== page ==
Sealing Building Penetrations
Learning how to properly seal building penetrations will help reduce utility bills, prevent drafts and stop the infiltration of moisture.
The vents and pipes that penetrate exterior walls and the roof bring the power, water and gas lines into a house, but they can also bring in drafts, mold and wood rot. Ignoring these breaks in a building's thermal barrier threatens the durability of the house and the health of its occupants.
Knowing where these penetrations are and how to seal them makes it possible to reduce utility bills, prevent drafts and stop the infiltration of moisture and all the problems that come with it. The "best practice" is simple, and often overlooked. Flashing, an insulating expanding foam, or in some cases, caulk, can be used to seal these penetrations and prevent the problems.
The penetrations into the home that are likely to cause the most damage are the ones in the roof. Vent pipes are the most prevalent penetration into the building envelope. They are necessary for proper drainage in the plumbing system of the home and their presence will not cause problems if properly sealed. There are two types of flashing that can be used for this purpose: sheet metal cones that can be caulked to the pipe itself or self-sealing types with rubber gaskets.
Once the new shingles reach the base of the vent pipe:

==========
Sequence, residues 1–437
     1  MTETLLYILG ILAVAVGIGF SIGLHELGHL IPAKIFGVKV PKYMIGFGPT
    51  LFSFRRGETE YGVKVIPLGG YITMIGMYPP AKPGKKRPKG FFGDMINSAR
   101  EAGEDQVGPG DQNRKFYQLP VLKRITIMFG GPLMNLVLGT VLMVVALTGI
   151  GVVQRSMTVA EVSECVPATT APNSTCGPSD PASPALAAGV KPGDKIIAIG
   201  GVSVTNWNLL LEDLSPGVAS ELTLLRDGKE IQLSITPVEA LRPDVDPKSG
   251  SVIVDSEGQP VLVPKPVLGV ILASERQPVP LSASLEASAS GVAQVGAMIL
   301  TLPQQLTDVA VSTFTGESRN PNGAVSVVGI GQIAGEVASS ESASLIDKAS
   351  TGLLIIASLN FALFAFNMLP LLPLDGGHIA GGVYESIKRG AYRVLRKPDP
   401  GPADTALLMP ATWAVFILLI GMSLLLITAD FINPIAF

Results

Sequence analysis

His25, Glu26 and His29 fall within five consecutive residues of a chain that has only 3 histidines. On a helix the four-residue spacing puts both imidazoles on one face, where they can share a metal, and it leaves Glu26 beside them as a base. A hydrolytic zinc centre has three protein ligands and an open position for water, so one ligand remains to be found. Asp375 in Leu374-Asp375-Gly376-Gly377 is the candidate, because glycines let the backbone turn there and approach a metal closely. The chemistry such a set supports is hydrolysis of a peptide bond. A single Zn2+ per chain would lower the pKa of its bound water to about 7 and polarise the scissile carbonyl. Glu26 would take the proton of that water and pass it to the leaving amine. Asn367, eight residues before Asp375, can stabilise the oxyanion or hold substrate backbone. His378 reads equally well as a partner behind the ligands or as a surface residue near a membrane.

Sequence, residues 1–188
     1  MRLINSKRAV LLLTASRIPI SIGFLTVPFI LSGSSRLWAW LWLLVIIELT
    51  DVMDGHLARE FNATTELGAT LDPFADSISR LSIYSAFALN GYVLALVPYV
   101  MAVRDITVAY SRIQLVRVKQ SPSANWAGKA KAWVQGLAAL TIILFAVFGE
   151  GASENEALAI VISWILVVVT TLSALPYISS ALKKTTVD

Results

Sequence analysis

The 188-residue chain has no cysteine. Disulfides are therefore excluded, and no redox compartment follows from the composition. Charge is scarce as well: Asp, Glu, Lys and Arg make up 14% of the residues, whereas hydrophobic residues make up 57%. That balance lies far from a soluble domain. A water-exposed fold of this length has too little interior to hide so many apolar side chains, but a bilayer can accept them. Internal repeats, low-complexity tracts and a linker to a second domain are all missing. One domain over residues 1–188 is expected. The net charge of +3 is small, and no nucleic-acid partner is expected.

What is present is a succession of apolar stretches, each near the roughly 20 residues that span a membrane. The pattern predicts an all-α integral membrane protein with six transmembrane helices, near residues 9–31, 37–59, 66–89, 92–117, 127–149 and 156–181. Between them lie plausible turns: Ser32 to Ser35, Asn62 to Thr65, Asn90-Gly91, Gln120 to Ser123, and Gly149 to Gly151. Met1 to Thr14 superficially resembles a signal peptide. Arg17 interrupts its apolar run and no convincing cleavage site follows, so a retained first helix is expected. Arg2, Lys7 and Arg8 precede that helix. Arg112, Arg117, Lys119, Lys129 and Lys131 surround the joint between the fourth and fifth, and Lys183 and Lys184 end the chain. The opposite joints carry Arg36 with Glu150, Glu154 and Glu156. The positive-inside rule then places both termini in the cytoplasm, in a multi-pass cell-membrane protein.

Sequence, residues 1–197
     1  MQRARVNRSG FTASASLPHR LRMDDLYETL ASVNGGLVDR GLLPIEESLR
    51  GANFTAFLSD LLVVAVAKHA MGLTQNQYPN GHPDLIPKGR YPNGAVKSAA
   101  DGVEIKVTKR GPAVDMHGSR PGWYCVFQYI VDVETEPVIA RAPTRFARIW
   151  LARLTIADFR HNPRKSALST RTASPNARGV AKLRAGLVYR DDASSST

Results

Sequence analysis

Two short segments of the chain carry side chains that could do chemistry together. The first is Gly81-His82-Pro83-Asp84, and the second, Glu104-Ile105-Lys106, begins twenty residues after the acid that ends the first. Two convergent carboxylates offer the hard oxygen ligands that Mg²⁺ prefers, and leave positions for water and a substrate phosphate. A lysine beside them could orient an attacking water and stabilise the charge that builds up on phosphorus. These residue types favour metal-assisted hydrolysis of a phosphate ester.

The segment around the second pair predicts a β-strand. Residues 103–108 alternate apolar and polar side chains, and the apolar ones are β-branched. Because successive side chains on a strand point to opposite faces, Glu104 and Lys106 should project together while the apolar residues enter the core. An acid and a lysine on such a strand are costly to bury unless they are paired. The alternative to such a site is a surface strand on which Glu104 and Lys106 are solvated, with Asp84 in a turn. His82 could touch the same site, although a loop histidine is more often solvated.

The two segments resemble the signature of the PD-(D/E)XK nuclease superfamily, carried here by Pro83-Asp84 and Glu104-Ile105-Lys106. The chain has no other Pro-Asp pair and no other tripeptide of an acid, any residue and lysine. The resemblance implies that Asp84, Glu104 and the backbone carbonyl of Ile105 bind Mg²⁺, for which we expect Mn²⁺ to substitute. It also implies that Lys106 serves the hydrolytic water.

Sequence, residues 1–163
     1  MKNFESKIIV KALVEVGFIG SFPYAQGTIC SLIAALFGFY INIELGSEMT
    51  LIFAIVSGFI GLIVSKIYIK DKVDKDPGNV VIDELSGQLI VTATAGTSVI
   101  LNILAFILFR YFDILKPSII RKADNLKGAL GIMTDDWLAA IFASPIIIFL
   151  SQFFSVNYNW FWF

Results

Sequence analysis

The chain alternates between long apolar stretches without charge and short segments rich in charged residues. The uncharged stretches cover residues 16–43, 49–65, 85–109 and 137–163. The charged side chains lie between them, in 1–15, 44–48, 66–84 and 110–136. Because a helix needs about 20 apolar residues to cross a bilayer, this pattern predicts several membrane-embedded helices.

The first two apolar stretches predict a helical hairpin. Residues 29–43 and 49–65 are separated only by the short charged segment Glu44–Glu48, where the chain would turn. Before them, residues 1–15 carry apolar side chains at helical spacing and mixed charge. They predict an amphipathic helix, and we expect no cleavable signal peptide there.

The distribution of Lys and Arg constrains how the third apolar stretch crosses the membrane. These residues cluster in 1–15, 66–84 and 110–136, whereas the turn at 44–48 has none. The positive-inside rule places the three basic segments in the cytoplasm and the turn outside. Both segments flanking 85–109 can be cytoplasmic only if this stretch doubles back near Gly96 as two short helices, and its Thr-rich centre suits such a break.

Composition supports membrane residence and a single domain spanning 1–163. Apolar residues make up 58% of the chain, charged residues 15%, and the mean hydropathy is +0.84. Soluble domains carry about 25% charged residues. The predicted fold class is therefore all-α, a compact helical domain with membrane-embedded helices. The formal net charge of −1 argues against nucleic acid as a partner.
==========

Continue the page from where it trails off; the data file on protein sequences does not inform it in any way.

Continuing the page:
- Cut the roofing to fit around the pipe.
- Install the flashing over the pipe so that its base flange lies on top of the roofing on the down-side slope.
- Continue roofing over the flashing, cutting the shingles to fit around it.
- Finally, a vent pipe collar is slid over the pipe.
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How to Build Airtight Insulated Cathedral Ceilings
Proper construction techniques can help ensure airtight, dry and energy-efficient cathedral ceilings.
House Wrap: Air Sealing and Protection From the Elements
Use house wrap when framing a home to block out moisture and unwanted air.
SIPs: Structural Insulated Panels
Frames prove stronger and more energy efficient than conventional stud frames.
Ladder Framing Allows Better Insulation
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Proper ventilation helps water vapor to exit the attic, helping to dry out existing moisture.
Spray Foam Improves on Insulation
Foam keeps heat in by sealing cracks and spaces in your house.
How to Stop Interior Drafts
Learn how sheathing behind tubs, showers and the fireplace can eliminate energy-sapping drafts.
Installing Fiberglass Batt Insulation
Use these tips and techniques to ensure proper installation of fiberglass insulation.
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